This past week, for International Women’s Day people from all over the world, celebrated the accomplishments of women, the progress that has been made towards gender parity. But, creating a gender-balanced world, will take far more than one day of recognition and celebration. Despite the progress that has been made in the last 40-50 years, we still have quite a ways to go.

Harness the momentum of International Women’s Day and take action in the following ten ways:

Support women-owned businesses, especially those led by women of color.

According to last year’s State of Women Report, “If revenues generated by minority women-owned firms matched those currently generated by all women-owned businesses, they would add four million new jobs and $1.2 trillion in revenues to the U.S. economy.?

Challenge gender bias.

Speaking up about personal experiences and all-out discrimination or stereotyping in advertising or the media when you see it. Utilize Lean In’s free resource to host a 5o Ways to Combat Bias workshop at your work.

Talk to leaders.

Start conversations of leaders within the organizations you are a part of about their plans for creating and maintaining a diverse workforce and hold them accountable if they have set a plan into motion.

Make a pledge for gender parity. 

Together with your friends and colleagues, make a pledge and outline the steps you will take. In 2017, the United Nations took a pledge for parity by establishing a Gender Parity Task Force to create a plan with timelines and all. Secretary-General of the United Nations, António Guterres says,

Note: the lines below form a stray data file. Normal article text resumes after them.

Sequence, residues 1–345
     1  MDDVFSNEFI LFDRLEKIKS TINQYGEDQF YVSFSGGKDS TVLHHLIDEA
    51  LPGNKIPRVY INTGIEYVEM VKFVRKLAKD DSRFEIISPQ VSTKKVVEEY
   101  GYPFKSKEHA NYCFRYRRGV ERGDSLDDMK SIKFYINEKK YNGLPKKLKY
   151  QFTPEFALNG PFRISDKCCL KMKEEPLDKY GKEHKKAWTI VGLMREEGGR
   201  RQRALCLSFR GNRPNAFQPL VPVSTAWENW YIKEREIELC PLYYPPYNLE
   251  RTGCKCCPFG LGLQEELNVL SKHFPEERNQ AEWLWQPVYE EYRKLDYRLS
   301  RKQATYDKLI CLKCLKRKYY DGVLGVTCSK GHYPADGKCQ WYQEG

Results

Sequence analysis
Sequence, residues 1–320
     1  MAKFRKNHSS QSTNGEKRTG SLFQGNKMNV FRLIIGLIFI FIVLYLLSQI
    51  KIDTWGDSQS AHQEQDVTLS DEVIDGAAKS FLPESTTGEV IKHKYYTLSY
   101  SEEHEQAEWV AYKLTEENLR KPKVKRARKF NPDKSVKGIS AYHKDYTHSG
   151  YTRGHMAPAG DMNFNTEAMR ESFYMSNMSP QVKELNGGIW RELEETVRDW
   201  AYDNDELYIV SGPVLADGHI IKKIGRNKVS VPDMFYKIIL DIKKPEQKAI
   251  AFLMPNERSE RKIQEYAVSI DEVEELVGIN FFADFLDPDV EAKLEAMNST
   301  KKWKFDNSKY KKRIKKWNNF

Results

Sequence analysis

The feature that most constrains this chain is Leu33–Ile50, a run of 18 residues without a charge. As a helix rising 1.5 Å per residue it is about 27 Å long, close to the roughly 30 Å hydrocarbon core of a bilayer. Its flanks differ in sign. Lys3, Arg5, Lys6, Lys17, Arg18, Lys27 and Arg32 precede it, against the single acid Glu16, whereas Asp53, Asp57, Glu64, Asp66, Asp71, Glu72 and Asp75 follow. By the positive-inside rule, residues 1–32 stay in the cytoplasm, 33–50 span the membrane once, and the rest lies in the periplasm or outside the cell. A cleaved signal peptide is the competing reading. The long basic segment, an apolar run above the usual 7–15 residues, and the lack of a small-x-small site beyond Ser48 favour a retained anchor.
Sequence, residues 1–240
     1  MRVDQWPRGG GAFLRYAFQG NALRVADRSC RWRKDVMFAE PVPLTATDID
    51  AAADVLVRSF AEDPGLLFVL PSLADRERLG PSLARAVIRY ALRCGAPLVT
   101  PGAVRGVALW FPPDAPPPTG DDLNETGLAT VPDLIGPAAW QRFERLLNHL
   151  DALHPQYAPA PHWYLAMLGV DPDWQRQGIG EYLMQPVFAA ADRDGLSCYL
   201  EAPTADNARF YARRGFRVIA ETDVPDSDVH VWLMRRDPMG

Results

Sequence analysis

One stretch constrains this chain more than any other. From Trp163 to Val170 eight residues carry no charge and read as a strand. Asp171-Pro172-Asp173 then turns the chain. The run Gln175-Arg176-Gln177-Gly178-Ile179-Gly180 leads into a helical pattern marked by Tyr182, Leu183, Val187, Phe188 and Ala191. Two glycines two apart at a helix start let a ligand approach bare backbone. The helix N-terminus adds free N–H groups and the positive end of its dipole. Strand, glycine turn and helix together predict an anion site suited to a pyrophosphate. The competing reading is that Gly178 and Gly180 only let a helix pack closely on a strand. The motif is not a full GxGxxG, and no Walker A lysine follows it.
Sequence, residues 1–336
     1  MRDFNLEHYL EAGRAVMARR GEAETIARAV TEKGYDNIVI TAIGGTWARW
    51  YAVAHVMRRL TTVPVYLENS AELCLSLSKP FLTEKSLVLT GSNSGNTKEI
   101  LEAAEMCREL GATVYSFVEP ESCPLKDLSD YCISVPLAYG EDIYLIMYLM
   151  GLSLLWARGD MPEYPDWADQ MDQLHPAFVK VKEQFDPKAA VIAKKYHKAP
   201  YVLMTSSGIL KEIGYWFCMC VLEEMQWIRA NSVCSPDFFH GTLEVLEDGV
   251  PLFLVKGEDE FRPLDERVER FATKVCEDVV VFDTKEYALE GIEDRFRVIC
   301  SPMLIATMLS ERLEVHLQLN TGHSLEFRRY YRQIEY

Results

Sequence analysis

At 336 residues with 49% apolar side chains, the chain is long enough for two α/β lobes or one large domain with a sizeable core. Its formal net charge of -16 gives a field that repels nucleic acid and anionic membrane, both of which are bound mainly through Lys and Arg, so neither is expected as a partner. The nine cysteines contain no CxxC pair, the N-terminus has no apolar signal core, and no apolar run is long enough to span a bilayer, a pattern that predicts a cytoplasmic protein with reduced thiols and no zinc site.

The meaningful inclusion of women in decision-making increases effectiveness and productivity, brings new perspectives and solutions to the table, unlocks greater resources and strengthens efforts across all the three pillars of our work. 

Get involved and support organizations that empower women.

Here are a few to consider:

Educate young leaders giving them access to books with feminist icons and ideas.

Here are some resources courtesy of IWD and Penguin Random House to consider share with educators to add to school reading lists for ages 5-15 and 15+.

Create a campaign or initiative.

Gather information from ideas started for International Women’s Day and create your own to inspire, motivate, or educate audiences about gender bias and the importance of gender equality.

Close the wage gap. 

  1. Encourage your employer to create a transparent and structured compensation plan to ensure equal pay.
  2. Learn to negotiate your own salary.
  3. Call your senators and ask them to push legislation like the Paycheck Fairness Act. 

Push for better childcare options. 

Start a conversation with employers about offering flexible hours or HR about incorporate a flexible spending account for employees to use to offset the cost of childcare. Advocate for paternal leave for both men and women.

Take responsibility.

  • Enroll in an implicit bias course. 
  • Listen to stories of women and girls and believe them.
  • Encourage women in non-traditional vocations
  • Stop violence and harassment.
  • Lead by example.

There are countless ways to create gender balance. We all have a responsibility to do our part.

 “Change is not inevitable – it happens only when each of us does what we can.” – Tina Tchen, Assistant to President Barack Obama; Chief of Staff to First Lady Michelle Obama; and Executive Director of the White House Council on Women and Girls